Jeremy Corbyn and the Strange Rebirth of Labour England

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Once upon a time there was an enchanted land called Labour England which had “at its heart the idea of social, public and cooperative ownership as part of a mixed economy”.

This Wonderland had been created by a great wizard, Clement Attlee, who had “changed the world”. He had introduced the NHS, a massive house-building programme, nationalised the mines, brought the troops back from Europe and the Far East “and struck at the very heart of British Imperialism by giving independence to India”.

Indeed his policy of setting the colonies free was little short of “miraculous”.

Having read a number of Francis Beckett’s previous books with great appreciation, it is something of a disappointment to find him contributing to the fairy tale history of Labourism.

The contemporary embrace of warmed-up Wilsonism as if it was socialism is bad enough but the propagating of such a dishonest account of the history of the Labour Party is really pretty shameful.

In this new book, he and Seddon are telling lies to the Labour Party’s new members. They are treating their readers as so many dupes.

Certainly the Attlee government introduced important reforms, including the NHS, but it also reintroduced conscription, dramatically increased military spending necessitating welfare cuts, including to the NHS, and austerity, began developing the British nuclear bomb, helped establish Nato and let the US station nuclear bombers in Britain, fought a bloody colonial war in Malaya, and sent troops to fight in Korea, a war considerably more bloody than Blair’s invasion of Iraq.

Moreover, far from generously giving India independence, the British were effectively driven out of the country. And, of course, when the working class resisted austerity, the Labour government, including Nye Bevan, used troops to break strikes.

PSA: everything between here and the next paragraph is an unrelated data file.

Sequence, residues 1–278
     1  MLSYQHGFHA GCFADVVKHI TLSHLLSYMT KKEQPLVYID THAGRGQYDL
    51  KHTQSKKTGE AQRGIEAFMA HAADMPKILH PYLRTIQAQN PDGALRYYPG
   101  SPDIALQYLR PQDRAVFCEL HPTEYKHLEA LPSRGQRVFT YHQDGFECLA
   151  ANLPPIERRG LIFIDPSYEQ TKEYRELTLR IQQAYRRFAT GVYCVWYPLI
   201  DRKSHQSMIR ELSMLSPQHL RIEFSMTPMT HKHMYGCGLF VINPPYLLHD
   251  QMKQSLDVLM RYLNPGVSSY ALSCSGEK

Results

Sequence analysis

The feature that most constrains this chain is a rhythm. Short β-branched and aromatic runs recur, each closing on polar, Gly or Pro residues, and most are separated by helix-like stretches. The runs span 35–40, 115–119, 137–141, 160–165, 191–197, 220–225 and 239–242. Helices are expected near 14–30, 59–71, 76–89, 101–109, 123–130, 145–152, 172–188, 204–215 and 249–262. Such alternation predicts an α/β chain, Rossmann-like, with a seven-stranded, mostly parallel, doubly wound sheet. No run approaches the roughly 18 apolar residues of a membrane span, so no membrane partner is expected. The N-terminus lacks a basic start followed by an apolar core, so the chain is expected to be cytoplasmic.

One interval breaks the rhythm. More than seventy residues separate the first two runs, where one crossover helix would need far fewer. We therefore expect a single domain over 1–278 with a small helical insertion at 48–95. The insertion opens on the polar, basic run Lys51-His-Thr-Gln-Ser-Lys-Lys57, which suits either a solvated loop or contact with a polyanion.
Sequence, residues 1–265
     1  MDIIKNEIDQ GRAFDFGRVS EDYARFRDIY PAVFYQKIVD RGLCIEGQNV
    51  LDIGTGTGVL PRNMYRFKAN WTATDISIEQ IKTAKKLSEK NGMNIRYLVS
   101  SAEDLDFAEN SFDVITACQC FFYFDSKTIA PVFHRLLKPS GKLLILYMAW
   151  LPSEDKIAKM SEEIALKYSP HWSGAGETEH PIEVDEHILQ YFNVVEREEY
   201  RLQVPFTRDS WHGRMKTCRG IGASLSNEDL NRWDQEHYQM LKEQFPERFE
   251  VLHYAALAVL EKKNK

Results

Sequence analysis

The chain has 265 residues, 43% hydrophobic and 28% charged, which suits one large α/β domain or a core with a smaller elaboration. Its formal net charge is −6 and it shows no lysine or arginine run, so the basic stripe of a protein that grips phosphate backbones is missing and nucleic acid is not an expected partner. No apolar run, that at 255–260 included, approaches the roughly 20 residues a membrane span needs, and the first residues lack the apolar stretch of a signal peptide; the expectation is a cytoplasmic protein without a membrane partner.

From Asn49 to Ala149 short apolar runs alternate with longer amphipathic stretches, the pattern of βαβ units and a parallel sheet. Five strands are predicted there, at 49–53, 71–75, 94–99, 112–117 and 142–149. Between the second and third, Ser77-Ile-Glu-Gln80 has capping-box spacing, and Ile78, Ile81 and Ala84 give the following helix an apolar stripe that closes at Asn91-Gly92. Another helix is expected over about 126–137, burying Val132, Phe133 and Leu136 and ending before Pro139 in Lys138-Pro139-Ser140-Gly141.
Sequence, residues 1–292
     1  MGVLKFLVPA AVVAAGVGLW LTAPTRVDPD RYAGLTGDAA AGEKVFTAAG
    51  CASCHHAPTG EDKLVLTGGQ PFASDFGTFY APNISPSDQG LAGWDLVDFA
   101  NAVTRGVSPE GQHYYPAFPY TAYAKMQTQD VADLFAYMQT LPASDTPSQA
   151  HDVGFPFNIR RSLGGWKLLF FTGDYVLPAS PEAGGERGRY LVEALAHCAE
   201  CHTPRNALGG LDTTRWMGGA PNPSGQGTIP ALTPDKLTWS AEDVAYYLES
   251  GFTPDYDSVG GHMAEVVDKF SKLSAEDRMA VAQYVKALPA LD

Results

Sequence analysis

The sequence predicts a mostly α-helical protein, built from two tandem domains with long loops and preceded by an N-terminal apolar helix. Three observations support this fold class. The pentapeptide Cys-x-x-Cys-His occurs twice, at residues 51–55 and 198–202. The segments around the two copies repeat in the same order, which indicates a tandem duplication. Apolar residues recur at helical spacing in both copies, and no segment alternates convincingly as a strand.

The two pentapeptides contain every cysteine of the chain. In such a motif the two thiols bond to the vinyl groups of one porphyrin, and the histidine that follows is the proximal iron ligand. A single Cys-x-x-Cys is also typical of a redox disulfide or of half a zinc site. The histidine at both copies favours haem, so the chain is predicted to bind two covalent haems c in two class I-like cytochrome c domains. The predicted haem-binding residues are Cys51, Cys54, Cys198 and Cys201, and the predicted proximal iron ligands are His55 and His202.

For some reason this is all left out of their evocation of the mythical Labour England which they hope Jeremy Corbyn will recreate.

Even more hilariously we are told that Harold Wilson “famously and wisely” refused to send British troops to fight in Vietnam. This is a barefaced lie. Wilson wanted to send a token force, but did not dare because of the strength of both the parliamentary and extra-parliamentary opposition.

He compensated by giving the US all the support he could short of troops, including sending advisers, training South Vietnamese troops, providing intelligence and supplying the Americans with napalm.

The great demonstrations of 1967 and 1968 in London were, Beckett and Seddon perhaps need reminding, not in support of Wilson’s Vietnam policy.

And, of course, it is worth mentioning that the great Clement Attlee did send 20,000 British troops to Saigon in 1945 to fight alongside the French against the Communist resistance!

While the great bulk of this book is focussed on the history of the Labour Party since the end of the 1970s and on the rise of Corbynism, it is fatally compromised by its crass fairy tale setting.

We are going to see a lot more of this sort of stuff, one suspects.